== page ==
Unexpected Ways Do-It-Yourself Projects Cause More Harm Than Good
The “DIY” craze that has swept the nation doesn’t just apply to general maintenance. Many individuals also venture into uncharted waters by attempting to do upgrades, additions, and remodels in which they do not have adequate experience or knowledge about what they are undertaking.
Even with insurance protection, the additional damages caused by a botched do-it-yourself project can lead to lost sales and reflect poorly on your business. Having your business regularly inspected and serviced by a trusted professional as soon as you notice an issue can prevent problems like these from getting worse:
A clogged drain, leaking pipe, or dripping faucet could signal something more than just the issues on the surface. If you’re not treating the true cause, things will only get worse over time. If you pull out the old wrench and start tightening or loosening random couplings and valves, you could wind up making things irreparable, even for a professional plumber.
The power of running water should never be underestimated. Once the water starts leaking, sprouting, flowing, or even surging, you’re on your way to a mess. When components of your building are exposed to moisture, mold can form, and standing water can lead to buckled floors, warped showcases and rotten subfloors. Eventually you may need more than just a plumber to get your business back to the way it was.
The components of an entire circuitry system are no joke. If you could see inside your walls, you’d probably be shocked at how much is hidden!
All it takes is one spark or exposed wire to create an electrical fire. Missing connections, incorrect wire matching, and improperly protected cables could all lead to enormous damage and possible loss of life. The National Electric Code (NEC) is in place so catastrophes like these can be avoided. If you’re in violation of any code, your business could face a fine and jeopardize your brand and reputation.
Just like plumbing and electrical systems, heating and cooling systems require expert analysis, as high voltage and water pumps are often associated with their operations. If you try to fix any aspect of this equipment yourself, you could end up creating problems that didn’t exist before. Gas systems can be even more complicated. An increased risk of fire danger and serious health problems may result if dangerous fumes are present.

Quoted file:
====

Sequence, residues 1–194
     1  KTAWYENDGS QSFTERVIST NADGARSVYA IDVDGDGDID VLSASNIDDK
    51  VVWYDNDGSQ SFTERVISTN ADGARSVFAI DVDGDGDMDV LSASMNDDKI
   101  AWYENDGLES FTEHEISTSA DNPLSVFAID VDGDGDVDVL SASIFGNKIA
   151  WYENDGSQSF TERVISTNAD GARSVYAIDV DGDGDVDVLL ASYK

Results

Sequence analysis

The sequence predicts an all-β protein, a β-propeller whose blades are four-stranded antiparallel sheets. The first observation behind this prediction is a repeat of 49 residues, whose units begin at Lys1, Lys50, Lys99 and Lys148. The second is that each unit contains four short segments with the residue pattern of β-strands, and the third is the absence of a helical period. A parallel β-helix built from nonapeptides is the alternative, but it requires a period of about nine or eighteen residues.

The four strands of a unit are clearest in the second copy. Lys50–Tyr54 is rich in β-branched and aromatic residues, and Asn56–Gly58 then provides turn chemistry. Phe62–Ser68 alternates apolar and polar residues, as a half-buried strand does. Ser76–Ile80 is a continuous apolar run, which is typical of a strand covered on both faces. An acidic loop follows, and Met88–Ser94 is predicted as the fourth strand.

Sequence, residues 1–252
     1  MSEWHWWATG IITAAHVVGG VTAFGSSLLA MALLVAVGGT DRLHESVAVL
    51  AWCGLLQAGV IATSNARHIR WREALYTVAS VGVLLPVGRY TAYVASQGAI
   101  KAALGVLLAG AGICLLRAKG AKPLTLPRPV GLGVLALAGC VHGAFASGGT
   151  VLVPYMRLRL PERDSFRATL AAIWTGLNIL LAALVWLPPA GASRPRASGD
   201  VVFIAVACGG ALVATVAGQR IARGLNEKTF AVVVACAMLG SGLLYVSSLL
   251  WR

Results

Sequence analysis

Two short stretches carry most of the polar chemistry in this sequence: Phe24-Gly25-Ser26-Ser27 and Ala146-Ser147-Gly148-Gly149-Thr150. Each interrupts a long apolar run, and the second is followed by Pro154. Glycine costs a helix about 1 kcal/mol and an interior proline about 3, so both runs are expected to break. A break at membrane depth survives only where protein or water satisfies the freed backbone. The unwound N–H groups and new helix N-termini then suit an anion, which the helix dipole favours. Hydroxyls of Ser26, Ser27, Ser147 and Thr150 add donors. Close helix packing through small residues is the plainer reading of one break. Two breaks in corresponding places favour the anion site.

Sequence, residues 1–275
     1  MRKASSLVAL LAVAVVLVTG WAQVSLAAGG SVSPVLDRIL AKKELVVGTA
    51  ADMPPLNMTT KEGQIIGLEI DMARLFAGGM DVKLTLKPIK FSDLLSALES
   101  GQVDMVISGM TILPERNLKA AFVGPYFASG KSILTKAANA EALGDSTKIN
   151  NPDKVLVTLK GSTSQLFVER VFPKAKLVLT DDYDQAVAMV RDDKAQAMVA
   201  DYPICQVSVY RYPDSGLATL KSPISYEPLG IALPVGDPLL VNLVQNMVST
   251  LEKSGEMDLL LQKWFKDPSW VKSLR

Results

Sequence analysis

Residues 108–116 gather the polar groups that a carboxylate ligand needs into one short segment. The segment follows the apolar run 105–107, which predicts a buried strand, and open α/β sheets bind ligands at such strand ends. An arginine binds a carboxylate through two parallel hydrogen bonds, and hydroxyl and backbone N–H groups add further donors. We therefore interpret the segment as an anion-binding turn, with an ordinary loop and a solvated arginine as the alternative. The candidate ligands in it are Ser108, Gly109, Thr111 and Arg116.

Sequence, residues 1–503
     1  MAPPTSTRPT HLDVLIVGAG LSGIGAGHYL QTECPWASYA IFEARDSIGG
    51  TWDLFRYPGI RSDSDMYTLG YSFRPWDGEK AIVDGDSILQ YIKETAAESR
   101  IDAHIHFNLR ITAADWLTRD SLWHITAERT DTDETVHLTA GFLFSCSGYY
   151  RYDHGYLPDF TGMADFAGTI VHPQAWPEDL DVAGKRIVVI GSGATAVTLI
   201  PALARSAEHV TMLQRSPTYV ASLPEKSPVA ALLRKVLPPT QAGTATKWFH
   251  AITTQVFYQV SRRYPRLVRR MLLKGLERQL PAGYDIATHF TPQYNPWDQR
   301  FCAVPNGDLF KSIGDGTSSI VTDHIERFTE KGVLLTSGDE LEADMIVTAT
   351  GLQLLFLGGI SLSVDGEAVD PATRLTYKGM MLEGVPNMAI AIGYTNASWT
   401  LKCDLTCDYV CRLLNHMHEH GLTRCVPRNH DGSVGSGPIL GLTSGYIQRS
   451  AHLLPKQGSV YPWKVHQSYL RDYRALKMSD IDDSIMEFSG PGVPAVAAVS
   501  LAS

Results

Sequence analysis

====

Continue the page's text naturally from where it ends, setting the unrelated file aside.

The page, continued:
How to Find a Contractor
- Ask for references from family, friends, and jewelry industry connections – but don’t be committed to doing any personal favors based on a non-professional relationship
- Conduct a background check on whom you hire and work with only licensed, insured, and bonded contractors
- Do an online search, browse reviews, but ultimately use the Better Business Bureau as an impartial gold-standard
- Be cautious in dealing with a contractor who goes door to door after a disaster
- Exceptional contractors aren’t exactly a dime a dozen, so you need to be proactive and start your search immediately. Services are usually provided on a first-come, first-served basis
- Obtain written estimates to repair the damage. Consider more than one estimate
- All estimates should have a detailed description of the work and, preferably, the cost to complete each task
- Take your time and verify that the contractor listens to your concerns about what is damaged
- Even with their credentials, don’t tempt your contractor or members of his or her team by providing access to showcases, safes, and vaults